The benefits of breastfeeding
You already know nursing is great for your baby. But it can also boost your health in lots of ways — here’s how.
Congrats on your new baby! If you’re nursing, you may already know that breastmilk is the perfect food for your infant. It’s packed with nutrients and is easy for your baby to digest. And breastfed babies are less likely to get certain diseases and conditions.
But you might not realize all the ways that breastfeeding benefits your health, too. For starters, it’s a great way to bond with your little one. And nursing also works wonders on mothers in other ways, from weight loss to a lower risk of some cancers.
Read on to learn the perks of breastfeeding for moms. Plus, we’ve got a refresher on how it can keep your baby healthy now and in the future.
How breastfeeding boosts your health
The longer you nurse throughout your childbearing years, the bigger the health benefits. Here are just some of the ways breastfeeding is good for you:
It helps your uterus recover. “Breastfeeding right after giving birth will help get your uterus back to its pre-pregnancy size and shape much quicker,” says Paula Meier. She’s a professor of pediatrics at Rush University Medical Center in Chicago, Illinois.
Why is that important? It lowers your risk of hemorrhaging (heavy bleeding after giving birth) and getting a postpartum uterine infection. That’s one of the most immediate benefits of nursing.
It reduces breast cancer risk. One reason why may be that when you nurse, it creates hormonal changes in your body. It can lower your exposure to estrogen, according to the Centers for Disease Control and Prevention (CDC). “And over time, estrogen can raise the risk of breast cancer cell growth,” says Meghan Klavans, MD. She’s an OB-GYN at Rush University Medical Center in Chicago, Illinois.
And the longer you breastfeed, the greater the benefit. Moms who nurse for a combined total of a year (for all their children) have a slightly lower risk of breast cancer, according to the Susan G. Komen foundation. Those who breastfeed for a combined total of 2 years get twice the benefit of those who breastfeed for a total of 1 year.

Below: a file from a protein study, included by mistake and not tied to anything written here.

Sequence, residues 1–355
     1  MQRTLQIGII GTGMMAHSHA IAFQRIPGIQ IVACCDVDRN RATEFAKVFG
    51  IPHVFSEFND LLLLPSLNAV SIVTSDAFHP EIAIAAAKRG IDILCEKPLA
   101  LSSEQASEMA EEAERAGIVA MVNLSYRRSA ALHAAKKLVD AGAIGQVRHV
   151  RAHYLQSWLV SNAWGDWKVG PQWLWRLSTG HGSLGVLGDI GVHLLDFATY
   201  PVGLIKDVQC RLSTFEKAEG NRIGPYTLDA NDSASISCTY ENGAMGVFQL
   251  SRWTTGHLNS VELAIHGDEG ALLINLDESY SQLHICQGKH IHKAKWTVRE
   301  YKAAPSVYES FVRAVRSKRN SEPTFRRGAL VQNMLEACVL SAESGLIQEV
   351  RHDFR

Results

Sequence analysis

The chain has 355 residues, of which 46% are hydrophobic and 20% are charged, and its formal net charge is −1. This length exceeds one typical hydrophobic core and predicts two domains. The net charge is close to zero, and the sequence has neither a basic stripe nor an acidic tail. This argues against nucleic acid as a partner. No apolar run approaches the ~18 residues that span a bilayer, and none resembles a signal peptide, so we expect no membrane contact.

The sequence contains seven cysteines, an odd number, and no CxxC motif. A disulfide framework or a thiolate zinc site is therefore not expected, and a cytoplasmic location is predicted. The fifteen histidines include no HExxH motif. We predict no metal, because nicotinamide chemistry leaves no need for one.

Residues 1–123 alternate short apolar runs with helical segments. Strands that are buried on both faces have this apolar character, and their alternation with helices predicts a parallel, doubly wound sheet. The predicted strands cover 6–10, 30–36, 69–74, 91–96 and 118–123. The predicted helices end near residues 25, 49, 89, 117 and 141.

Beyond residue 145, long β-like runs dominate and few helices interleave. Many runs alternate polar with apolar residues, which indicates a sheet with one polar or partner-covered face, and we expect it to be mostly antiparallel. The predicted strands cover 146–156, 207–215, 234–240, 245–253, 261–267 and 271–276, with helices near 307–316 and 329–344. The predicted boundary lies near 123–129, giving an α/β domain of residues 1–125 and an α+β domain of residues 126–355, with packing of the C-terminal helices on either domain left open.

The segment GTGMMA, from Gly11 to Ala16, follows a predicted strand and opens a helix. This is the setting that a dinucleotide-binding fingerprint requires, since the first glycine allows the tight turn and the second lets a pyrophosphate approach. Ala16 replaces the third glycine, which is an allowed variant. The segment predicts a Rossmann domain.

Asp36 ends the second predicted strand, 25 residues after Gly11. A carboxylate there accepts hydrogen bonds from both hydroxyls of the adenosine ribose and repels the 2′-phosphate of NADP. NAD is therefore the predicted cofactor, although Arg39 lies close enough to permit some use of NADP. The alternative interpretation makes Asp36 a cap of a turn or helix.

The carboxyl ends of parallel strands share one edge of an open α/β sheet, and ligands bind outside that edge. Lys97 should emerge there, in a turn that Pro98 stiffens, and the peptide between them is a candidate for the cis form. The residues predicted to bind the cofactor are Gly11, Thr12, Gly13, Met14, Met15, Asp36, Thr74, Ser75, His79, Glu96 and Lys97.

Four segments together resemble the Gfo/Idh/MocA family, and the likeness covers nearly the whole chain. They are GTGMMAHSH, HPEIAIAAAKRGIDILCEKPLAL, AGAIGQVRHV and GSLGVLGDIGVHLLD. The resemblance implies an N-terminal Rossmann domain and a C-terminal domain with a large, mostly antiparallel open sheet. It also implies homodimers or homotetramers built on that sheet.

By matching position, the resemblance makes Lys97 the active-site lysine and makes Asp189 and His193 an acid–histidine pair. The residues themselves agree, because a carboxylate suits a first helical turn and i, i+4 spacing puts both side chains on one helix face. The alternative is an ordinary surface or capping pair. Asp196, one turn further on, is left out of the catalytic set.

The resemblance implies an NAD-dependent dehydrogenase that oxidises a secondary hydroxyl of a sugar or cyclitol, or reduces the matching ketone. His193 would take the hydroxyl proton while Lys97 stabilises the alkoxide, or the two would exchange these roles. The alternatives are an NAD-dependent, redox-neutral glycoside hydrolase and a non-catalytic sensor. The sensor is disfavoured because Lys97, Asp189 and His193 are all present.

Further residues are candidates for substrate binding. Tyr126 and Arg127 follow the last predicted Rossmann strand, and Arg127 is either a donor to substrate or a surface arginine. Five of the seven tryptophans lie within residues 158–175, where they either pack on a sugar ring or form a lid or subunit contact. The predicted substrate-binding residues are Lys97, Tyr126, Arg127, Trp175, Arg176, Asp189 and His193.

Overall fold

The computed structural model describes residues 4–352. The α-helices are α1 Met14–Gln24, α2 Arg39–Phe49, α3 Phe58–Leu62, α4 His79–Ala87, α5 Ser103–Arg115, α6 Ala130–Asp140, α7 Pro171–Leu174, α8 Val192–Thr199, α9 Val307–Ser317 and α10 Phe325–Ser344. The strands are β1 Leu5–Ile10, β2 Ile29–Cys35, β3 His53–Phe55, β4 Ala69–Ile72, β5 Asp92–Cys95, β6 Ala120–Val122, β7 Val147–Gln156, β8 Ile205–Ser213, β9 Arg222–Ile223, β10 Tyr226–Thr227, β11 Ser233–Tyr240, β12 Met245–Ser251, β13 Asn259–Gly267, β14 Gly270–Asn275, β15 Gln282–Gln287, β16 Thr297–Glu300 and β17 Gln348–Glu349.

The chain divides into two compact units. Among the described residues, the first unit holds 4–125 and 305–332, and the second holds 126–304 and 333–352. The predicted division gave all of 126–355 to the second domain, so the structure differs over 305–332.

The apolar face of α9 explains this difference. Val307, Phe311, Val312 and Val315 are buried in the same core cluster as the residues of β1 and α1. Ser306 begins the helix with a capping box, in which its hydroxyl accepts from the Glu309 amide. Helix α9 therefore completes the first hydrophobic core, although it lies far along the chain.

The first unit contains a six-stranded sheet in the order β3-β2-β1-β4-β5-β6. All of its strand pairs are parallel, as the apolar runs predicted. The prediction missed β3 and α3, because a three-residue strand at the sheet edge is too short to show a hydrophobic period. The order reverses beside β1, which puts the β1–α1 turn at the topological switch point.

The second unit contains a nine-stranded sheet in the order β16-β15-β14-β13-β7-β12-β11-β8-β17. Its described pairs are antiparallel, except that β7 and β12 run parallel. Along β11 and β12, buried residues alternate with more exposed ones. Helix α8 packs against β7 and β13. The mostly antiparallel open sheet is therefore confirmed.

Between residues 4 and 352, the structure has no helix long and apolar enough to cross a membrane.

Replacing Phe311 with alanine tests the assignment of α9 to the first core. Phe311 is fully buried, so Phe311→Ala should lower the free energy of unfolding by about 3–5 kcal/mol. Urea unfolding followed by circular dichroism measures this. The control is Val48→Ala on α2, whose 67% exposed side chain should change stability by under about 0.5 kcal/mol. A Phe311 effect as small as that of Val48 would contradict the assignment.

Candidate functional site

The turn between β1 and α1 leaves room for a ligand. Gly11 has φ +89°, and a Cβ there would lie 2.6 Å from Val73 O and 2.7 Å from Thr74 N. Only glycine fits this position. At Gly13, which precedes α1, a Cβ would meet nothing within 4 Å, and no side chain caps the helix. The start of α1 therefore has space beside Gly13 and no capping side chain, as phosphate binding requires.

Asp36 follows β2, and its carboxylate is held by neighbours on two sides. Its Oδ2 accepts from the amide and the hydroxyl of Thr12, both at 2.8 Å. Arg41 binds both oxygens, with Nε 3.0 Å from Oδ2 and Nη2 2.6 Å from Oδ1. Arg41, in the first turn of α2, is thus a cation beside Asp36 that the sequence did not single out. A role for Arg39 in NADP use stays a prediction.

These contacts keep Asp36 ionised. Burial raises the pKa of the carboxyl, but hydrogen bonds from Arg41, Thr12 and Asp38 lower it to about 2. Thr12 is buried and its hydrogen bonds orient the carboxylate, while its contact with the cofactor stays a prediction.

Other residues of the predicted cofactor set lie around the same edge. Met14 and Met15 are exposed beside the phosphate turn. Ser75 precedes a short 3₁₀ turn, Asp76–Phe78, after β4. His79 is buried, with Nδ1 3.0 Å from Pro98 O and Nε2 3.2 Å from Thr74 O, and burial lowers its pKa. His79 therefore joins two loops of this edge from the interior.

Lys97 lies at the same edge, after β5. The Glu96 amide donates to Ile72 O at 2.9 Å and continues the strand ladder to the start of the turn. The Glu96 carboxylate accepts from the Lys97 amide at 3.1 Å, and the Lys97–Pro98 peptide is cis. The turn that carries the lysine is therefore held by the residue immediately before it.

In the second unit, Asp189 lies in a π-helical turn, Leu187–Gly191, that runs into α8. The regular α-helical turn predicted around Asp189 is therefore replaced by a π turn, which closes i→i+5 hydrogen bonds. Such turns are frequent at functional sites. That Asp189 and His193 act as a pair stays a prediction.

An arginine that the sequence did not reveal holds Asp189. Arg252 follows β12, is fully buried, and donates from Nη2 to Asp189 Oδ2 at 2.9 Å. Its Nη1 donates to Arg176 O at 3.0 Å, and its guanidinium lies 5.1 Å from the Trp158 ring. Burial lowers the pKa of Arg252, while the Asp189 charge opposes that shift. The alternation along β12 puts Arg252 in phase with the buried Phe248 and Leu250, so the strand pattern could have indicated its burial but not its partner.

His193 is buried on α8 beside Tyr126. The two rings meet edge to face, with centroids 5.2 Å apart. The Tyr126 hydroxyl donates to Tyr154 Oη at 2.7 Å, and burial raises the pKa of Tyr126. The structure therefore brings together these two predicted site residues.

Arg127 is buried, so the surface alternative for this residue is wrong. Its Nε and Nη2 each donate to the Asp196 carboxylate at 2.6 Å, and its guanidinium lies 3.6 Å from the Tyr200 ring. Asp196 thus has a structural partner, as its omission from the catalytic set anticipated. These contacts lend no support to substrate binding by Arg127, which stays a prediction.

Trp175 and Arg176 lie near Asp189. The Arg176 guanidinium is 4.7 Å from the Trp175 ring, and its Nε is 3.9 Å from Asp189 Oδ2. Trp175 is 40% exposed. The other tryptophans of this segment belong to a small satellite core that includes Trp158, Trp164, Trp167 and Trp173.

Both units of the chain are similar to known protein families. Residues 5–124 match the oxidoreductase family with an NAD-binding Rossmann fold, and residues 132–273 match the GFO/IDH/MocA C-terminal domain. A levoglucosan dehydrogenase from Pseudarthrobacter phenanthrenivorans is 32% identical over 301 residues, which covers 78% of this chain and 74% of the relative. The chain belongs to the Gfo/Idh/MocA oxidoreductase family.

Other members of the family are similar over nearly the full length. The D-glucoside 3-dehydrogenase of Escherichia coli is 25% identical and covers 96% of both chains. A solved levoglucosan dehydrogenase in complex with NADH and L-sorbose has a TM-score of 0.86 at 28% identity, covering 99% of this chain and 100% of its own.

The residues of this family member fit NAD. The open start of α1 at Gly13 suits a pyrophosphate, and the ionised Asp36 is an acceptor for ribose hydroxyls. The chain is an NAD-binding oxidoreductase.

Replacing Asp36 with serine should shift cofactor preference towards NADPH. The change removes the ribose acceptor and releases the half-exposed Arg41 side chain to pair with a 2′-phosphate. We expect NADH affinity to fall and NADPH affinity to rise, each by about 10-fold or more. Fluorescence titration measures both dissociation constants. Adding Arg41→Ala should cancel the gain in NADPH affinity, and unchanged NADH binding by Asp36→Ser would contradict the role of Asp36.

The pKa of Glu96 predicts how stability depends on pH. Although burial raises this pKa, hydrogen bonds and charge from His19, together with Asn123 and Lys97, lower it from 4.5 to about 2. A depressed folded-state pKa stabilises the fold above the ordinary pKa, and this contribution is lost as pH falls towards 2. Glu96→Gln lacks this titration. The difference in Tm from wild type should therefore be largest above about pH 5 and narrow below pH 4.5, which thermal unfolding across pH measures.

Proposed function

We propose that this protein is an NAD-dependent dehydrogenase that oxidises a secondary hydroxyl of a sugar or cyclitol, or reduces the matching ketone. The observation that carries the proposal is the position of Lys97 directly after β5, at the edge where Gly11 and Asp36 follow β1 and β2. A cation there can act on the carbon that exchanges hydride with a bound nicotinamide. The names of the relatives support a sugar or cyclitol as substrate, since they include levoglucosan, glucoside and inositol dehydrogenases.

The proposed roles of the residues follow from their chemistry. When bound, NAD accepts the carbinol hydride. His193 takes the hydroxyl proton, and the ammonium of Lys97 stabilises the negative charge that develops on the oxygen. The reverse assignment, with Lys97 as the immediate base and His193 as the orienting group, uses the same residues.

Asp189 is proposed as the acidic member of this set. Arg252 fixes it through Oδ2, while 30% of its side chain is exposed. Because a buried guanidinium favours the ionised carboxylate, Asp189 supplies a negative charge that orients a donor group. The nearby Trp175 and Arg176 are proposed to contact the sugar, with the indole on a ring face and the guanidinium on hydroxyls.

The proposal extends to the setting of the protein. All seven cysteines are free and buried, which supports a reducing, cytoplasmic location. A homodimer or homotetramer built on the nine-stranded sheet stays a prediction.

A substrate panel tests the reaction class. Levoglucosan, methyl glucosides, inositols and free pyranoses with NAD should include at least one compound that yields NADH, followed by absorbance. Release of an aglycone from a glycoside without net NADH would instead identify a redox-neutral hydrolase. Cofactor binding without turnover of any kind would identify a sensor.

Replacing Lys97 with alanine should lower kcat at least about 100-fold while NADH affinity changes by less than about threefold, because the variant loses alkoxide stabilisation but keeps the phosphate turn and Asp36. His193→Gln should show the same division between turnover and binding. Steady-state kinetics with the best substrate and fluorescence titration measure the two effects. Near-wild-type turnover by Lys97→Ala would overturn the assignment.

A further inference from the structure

It cuts your chances of ovarian cancer. Lower exposure to estrogen also reduces your ovarian cancer risk. “Recent research shows that even the most severe form of ovarian cancer is reduced by 34% with long-duration breastfeeding,” says Meier.
It helps you lose baby weight. Breastfeeding resets the body’s metabolism after giving birth by mobilizing energy stores for lactation (making milk). That helps you lose weight more quickly after giving birth, says the Cleveland Clinic. It also helps lower your risk of Type 2 diabetes, obesity, hypertension and high blood pressure later in life.
It can protect your heart. A 2022 study found that mothers who nursed their babies were less likely to develop heart disease or stroke. Women who breastfed also had improved long-term heart health. “It’s possible that hormones released during breastfeeding are beneficial to your cardiovascular system,” says Dr. Klavans. Weight loss may also play a role in boosting your heart health.
It may help prevent diabetes. Type 2 diabetes is less common in women who breastfeed. In a study, breastfeeding for longer than 2 months was shown to lower the risk by half. And nursing for 5 months or more lowered it even more, says the American Diabetes Association.
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Health benefits for babies
Breastfeeding is good for your baby’s health, too, of course. Fat, proteins and antibodies in breast milk help little ones fight off infections and other illnesses on their own. According to the CDC, babies who nurse have a lower risk of:
- Ear infections
- Stomach bugs
- Sudden infant death syndrome (SIDS)
- Type 1 diabetes
Breast milk may also impact early brain development.
How long should you breastfeed?
First, you should know that if you choose not to breastfeed, that’s all right. Formula is a great option, too. Unless your baby’s pediatrician recommends otherwise, it’s good to start with a cow’s-milk-based formula that’s fortified with iron. Most formulas also have added fatty acids that are good for your baby’s brain.
Also, many moms simply can’t nurse for a long time. Work, travel or other children may make constant breastfeeding impractical.
(P.S. Is this your first baby? Check out our new-mom health guide.)
If possible, mothers should breastfeed their babies for 2 years, according to the American Academy of Pediatrics. That’s because a child’s brain grows rapidly during the first 2 years of life. You can still nurse while also introducing your infant to solid food. This is recommended at around 6 months old, per the CDC. But breastfeeding will continue to give your baby extra protection against allergies and infections.
Cancer prevention: Centers for Disease Control and Prevention (2018). “Breastfeeding for Cancer Prevention”
Breastfeeding duration: Susan G. Komen (2022). “Breastfeeding and Breast Cancer Risk”
Weight loss: Cleveland Clinic (2018). “Benefits of Breastfeeding for Baby and Mom”
Heart disease: Journal of the American Heart Association (2022). “JAHA spotlight on pregnancy and its impact on maternal and offspring cardiovascular health”
Diabetes: American Diabetes Association (n.d.). “Breastfeeding and Diabetes”
Breastfeeding mothers: American Academy of Pediatrics (2018). “Updated Policy Recommendations”
Solid foods: Centers for Disease Control and Prevention (2021). “When, what, and how to introduce solid foods”